There are individuals rules, traditions and ‘division into castes’ in buses. If you look at Baku out of the window of Baku bus enroute ‘Keroglu-Buzovna’, your impression of the city won’t be the same as that of a private car owner.
Buses operate from 6a.m. till half past 12 midnight. A travel fee amounts to AZN0,20, which is approximately US$0,10. ‘Long’ peripheral routes from the city center to Baku’s suburban settlements-AZN 0,40-0,50(US$0,30), whereas the express bus to the airport-AZN1,3 (US$ 0,70).
Children under 7 can travel free of charge. However, this information is presented in a different way in the announcements that are often hand-drawn on a piece of cardboard: ‘Children aged over 7 years should be paid full fare!’
There are two ways to pay for a fare in Baku: by a special plastic card in BakuBus’ new buses (there are only 11 routes so far); or pay in change directly to a driver in other buses. In the ‘old’ buses, no body usually checks, whether a person has paid or not, but everyone submits 20 kopeks in a disciplined manner. Tourists are sometimes surprised by such a lack of control: it’s not that our people are that honest en masse, simply ‘fare-beating’ is not a customary thing and it will never even occur to anyone.
BakuBus is a world of clear-cut rules. In the nice red buses it’s prohibited to quarrel with a driver, eat sunflower seeds, drop off the bus just anywhere and knock at the door. One can board on bus only through the front door and get off through the rest two and only at a bus stop. Therefore, there are people who don’t use them out of principle.
Will BakuBus buses run in the periphery? If so, then the drivers will be facing hard times, because even in the center it was difficult to make people get accustomed to the fact that a bus can’t be stopped anywhere along the route, as well as to different entry and exit doors. Some few months ago one could hear a driver ‘lecturing’ the passengers: ‘Move to the rear, don’t crowd in the front, there is a free space in the rear. Why are you standing here as if it’s raining on the other side of the bus? You will anyway have to get off through the rare door, won’t you’?!
Not to mention the conservative rural residents.
Won’t I be trampled?
There are rush hours traditionally before the beginning of a working day, from 8a.m. till 10a.m., then at about 2p.m., when children are taken from schools and students are travelling back from the universities, and then after 6p.m.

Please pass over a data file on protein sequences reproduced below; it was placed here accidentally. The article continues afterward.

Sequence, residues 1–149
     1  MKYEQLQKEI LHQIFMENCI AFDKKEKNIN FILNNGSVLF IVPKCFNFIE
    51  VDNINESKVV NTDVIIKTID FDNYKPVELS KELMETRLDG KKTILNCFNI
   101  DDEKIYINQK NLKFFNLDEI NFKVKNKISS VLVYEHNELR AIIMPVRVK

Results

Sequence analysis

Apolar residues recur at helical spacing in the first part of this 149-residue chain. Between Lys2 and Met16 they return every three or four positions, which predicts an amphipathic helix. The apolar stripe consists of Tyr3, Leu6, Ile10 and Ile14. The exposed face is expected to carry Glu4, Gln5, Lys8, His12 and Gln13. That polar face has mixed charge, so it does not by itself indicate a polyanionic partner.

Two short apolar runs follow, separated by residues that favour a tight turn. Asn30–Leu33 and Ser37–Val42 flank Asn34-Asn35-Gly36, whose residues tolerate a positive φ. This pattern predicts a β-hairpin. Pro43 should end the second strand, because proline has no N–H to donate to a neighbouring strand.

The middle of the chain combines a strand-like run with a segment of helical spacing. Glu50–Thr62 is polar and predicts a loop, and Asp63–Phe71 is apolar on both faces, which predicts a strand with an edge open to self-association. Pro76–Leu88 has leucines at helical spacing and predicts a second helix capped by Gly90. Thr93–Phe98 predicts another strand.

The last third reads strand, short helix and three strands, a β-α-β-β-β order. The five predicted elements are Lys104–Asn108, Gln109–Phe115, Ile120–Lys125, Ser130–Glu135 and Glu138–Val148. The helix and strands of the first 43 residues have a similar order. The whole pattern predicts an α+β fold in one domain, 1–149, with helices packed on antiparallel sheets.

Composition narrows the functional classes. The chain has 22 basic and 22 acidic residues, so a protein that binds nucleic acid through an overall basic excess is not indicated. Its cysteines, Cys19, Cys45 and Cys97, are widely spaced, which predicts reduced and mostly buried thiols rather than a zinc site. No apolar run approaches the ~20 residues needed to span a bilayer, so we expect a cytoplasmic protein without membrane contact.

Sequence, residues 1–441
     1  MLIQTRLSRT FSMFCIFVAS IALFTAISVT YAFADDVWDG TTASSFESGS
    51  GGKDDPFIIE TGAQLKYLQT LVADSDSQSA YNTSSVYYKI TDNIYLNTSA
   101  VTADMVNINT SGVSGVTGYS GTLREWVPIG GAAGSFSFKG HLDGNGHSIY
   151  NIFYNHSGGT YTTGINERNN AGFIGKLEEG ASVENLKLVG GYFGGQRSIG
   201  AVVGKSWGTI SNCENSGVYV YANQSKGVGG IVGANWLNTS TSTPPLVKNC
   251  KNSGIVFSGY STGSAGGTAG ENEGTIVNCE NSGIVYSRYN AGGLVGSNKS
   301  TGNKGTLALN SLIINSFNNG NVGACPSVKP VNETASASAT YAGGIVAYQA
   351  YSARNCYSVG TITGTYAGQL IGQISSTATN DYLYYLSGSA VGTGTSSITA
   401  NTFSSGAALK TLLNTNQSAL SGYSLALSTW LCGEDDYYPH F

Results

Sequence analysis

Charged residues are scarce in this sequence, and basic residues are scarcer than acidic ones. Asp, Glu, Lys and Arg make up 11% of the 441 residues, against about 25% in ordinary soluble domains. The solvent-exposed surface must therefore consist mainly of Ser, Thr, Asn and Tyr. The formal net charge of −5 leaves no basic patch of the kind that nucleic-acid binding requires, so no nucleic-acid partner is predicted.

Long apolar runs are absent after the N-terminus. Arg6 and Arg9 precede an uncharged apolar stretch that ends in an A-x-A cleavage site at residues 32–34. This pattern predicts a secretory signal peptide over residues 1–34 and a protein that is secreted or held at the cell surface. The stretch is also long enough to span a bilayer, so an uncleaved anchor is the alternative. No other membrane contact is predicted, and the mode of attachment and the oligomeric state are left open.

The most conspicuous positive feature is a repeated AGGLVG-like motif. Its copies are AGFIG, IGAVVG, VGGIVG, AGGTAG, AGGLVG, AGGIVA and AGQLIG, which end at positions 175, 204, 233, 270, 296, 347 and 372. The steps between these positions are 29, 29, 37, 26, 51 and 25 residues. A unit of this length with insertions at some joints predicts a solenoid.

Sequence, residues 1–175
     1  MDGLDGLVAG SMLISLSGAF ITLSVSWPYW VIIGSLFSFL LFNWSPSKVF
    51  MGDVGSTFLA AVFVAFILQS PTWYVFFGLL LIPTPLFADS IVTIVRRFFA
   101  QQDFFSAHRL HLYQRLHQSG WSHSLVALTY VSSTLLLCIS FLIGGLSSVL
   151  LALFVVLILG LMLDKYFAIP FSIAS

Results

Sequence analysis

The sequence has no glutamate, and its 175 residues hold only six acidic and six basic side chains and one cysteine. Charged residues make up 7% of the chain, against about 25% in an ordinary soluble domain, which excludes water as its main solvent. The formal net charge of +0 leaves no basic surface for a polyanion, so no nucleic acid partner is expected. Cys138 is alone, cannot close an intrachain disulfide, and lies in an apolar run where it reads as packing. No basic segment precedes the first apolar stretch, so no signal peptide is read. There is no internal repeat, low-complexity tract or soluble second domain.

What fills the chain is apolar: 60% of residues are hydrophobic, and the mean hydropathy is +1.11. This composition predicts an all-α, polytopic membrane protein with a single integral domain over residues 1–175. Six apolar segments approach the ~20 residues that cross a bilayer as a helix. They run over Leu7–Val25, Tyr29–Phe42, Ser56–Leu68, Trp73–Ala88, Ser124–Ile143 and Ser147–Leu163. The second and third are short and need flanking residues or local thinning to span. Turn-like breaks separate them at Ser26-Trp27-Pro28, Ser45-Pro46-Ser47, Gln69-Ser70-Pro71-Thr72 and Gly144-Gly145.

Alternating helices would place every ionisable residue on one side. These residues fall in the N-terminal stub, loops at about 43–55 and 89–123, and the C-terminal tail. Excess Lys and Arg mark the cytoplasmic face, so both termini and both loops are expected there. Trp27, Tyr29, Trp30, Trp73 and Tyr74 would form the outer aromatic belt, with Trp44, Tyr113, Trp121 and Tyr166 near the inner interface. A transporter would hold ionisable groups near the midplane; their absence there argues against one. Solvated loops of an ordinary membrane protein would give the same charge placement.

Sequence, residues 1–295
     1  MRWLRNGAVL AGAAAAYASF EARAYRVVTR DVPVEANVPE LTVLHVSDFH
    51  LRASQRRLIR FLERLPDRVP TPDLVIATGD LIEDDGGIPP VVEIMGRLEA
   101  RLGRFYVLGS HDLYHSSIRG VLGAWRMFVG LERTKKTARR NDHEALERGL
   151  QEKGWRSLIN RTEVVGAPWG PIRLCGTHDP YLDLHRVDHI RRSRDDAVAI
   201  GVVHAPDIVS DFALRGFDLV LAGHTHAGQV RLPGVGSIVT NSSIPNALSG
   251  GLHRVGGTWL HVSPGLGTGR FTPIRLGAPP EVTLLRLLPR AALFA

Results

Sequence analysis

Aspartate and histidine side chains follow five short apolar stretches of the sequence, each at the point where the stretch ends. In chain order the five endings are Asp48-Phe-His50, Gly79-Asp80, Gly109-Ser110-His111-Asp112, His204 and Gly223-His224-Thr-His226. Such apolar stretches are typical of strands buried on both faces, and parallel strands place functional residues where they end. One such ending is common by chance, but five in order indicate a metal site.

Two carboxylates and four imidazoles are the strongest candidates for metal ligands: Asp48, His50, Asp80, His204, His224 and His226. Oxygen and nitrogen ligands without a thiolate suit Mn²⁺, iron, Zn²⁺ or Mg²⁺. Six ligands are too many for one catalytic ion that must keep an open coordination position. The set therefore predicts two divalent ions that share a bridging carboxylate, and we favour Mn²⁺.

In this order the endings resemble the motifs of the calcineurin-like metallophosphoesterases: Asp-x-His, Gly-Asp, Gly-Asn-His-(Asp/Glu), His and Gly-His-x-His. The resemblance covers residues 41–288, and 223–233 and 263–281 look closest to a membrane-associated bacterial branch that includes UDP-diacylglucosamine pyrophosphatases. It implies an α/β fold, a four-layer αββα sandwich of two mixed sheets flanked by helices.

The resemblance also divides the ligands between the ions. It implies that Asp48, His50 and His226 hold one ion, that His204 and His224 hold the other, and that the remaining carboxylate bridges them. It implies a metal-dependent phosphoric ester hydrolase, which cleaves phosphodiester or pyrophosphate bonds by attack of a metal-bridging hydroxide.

Azerbaijani mindset is a combination of two paradoxical traits. On the one hand, you won’t be let fall down in a bus –everyone is ready to catch you; the disabled are given up seats and patiently helped to climb the steps; the elderly are usually offered seats in a polite manner. On the other hand, these ‘kin’ relations have a reverse side: no one will apologize for pushing you, and in an overcrowded bus you willy-nilly find yourself in rather close relations with everyone surrounding you.
What are the chances for a woman to be groped in Baku bus? Each woman answers this question based on her own experience. Since there is no precise statistics, let’s say, it is the case. And quite often.
Another interesting phenomenon is ‘female’ and ‘male’ seats in buses. One-third of the rear part in a bus is ‘traditionally’ regarded as a ‘male’ one, especially in rural areas. It’s sort of inappropriate for a woman to take a seat there. However, it should be made clear that it’s not the case always and everywhere. Yet, there is such a tendency and it is rather viable.
Once, a native of Sabirabad (a district in the southeast of Azerbaijan) even brought the following example of falling morals on the disput.az forum: ‘Everything used to be so civilized in a bus in our village-the women sat separately from the men. And what do we have now? Guys are hugging girls, drooling over them. Oh the times, oh the manners! “
Let me advise all those, who likes to talk about people’s aspirations while sitting in a cozy pub with a pitcher of beer, to leave their jeeps in the garages and travel by buses. This will bring some interesting ideas to your mind. You’ll see the difference between the center and the suburbs; how people are dressed and how many women have to carry heavy bags.
You will see fashion-mongers in fur coats and moms with babies; students discussing a session and young guys spitting on the floor, who are not even thinking of enrolling in the university. You’ll see those very people who are paid an average salary and an average pension.
They are the real Azerbaijan.